Mundi Mundi Bash Raises $130,000 for RFDS, but Organizer Wants Improved Road Access

The first Mundi Mundi Bash music festival has ended amid concerns over local ticket sales and safer access to the festival site for future events.

Around 9,500 people attended the three-day festival, which ended on Saturday and featured artists including Paul Kelly, Ian Moss, Kate Ceberano and The Radiators.

Organizer Greg Donovan said he was pleased with how the event went and there was an overwhelmingly positive response from festival-goers.

But he said locals-only ticket sales for Broken Hill and Silverton were low, with just under 70 residents picking them up.

“Everyone else here has come a long way to come and experience it.”

The festival took place at Belmont Station, about 10 kilometers north of Silverton, with early access to the site hampered by rainfall across the region.

Mr Donovan said he would like to see improvements made to Wilangee Road – the dirt road that leads to the station – for future events.

“Once you leave the [bitumen] road, before entering the property, there are miles of dirt road, which is the state government road. So we would like to work with them and see if they can put some grit on that,” he said.

Fundraising for RFDS

Annette Ohlsen says the funding will help RFDS serve 19 sites in Broken Hill.(ABC Broken Hill: Callum Marshall)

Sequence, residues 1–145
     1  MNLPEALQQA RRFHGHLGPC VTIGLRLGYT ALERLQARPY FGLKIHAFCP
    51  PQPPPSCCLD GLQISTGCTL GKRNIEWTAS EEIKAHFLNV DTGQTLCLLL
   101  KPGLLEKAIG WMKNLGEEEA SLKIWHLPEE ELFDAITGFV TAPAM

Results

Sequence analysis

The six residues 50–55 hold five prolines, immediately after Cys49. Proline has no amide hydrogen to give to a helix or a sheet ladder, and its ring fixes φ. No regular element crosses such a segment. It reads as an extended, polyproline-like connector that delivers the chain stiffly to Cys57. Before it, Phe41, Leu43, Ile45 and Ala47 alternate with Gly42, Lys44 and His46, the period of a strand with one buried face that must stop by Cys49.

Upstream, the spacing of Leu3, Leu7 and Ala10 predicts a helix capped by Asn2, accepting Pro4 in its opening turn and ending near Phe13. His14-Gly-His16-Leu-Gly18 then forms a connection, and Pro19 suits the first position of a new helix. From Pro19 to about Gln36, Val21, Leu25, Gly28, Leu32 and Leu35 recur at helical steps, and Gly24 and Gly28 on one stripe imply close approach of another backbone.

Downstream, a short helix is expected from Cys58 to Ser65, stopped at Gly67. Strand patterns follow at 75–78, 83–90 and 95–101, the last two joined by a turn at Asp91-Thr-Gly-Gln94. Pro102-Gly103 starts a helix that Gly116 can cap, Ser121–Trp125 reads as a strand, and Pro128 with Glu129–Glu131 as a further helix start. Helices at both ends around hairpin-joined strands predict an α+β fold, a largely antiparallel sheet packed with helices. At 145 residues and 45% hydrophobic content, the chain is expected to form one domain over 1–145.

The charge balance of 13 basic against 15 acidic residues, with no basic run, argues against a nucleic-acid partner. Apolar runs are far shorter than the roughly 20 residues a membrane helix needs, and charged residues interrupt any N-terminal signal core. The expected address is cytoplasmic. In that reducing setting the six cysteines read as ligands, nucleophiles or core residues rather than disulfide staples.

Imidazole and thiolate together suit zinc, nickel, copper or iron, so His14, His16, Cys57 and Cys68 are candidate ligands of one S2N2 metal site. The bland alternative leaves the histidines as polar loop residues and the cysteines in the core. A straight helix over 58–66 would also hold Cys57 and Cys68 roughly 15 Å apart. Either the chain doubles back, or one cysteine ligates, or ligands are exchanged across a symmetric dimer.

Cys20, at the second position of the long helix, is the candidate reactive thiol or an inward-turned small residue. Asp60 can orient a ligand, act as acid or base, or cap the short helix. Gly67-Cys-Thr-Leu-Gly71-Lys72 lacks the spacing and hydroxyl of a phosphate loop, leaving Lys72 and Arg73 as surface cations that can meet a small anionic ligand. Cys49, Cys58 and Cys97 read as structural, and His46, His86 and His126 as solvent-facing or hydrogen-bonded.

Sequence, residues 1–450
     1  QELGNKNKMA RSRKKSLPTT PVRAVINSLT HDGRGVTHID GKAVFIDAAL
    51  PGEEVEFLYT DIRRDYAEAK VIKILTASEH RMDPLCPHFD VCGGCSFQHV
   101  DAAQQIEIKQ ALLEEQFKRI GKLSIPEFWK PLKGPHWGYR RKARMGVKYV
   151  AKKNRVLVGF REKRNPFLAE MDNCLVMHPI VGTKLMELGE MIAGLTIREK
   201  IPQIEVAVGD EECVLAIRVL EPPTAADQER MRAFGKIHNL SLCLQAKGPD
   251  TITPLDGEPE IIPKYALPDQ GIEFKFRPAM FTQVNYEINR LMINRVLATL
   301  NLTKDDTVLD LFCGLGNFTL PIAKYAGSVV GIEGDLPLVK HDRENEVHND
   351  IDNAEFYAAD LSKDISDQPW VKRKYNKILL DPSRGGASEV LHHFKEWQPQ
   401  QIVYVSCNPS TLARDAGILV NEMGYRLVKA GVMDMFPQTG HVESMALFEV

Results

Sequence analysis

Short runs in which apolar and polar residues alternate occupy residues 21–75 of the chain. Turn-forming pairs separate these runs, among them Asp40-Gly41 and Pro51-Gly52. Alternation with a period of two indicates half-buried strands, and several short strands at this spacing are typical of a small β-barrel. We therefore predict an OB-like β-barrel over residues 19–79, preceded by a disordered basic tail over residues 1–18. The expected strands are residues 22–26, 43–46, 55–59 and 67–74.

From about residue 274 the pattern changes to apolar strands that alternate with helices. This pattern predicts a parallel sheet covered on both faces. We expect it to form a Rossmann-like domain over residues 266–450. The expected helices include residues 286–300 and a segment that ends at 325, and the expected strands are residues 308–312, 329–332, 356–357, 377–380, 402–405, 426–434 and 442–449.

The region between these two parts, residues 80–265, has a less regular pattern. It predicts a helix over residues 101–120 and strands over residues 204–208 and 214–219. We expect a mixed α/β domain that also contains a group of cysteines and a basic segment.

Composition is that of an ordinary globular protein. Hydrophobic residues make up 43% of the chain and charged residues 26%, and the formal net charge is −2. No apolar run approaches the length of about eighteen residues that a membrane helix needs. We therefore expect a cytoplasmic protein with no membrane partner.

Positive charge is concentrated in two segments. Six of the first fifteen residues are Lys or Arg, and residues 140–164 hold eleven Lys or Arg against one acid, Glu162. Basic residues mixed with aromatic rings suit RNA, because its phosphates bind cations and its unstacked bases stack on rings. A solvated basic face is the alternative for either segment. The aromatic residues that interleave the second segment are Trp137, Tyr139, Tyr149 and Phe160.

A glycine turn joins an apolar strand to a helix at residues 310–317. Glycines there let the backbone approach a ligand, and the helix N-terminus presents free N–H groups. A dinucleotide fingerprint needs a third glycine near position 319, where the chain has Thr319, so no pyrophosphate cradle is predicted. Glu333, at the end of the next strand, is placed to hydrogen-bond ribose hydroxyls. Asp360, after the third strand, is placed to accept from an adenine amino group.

The festival also saw a number of events take place to raise funds for the Royal Flying Doctor Service with around $130,000 raised in total.

One such event, the Mundi Undi Run, saw around 700 people strip naked and run a one-kilometre course to raise around $14,000 for the organization.

Annette Ohlsen, who works in community engagement for RFDS Broken Hill, said the money would help staff continue to provide care to those in need.

“We have 19 locations that we serve in Broken Hill, which helps provide service to a small community that may not have one.”

A world record attempt for the biggest Nutbush dance also raised an additional $40,000 for the RFDS during the festival, as well as $75,000 in merchandise sales.

“An expensive lesson” for a group of eight

A crowd watches a stage at night at the Mundi Mundi Bash music festival.
Barrier police say the majority of festival-goers behaved well.(ABC Broken Hill: Jonathon Poulson)

Barrier Police District Crime Officer Inspector Tom Aylett said 99% of festival-goers behaved well.

He said the only incident dealt with by police was a group of eight campers who partied too hard on Wednesday night and ignored safety warnings.

“They were evacuated from the site the next day, so Thursday around noon,” he said.

“It was an expensive lesson for them – I think in total they told us their site fee between the four sites was $7,000.”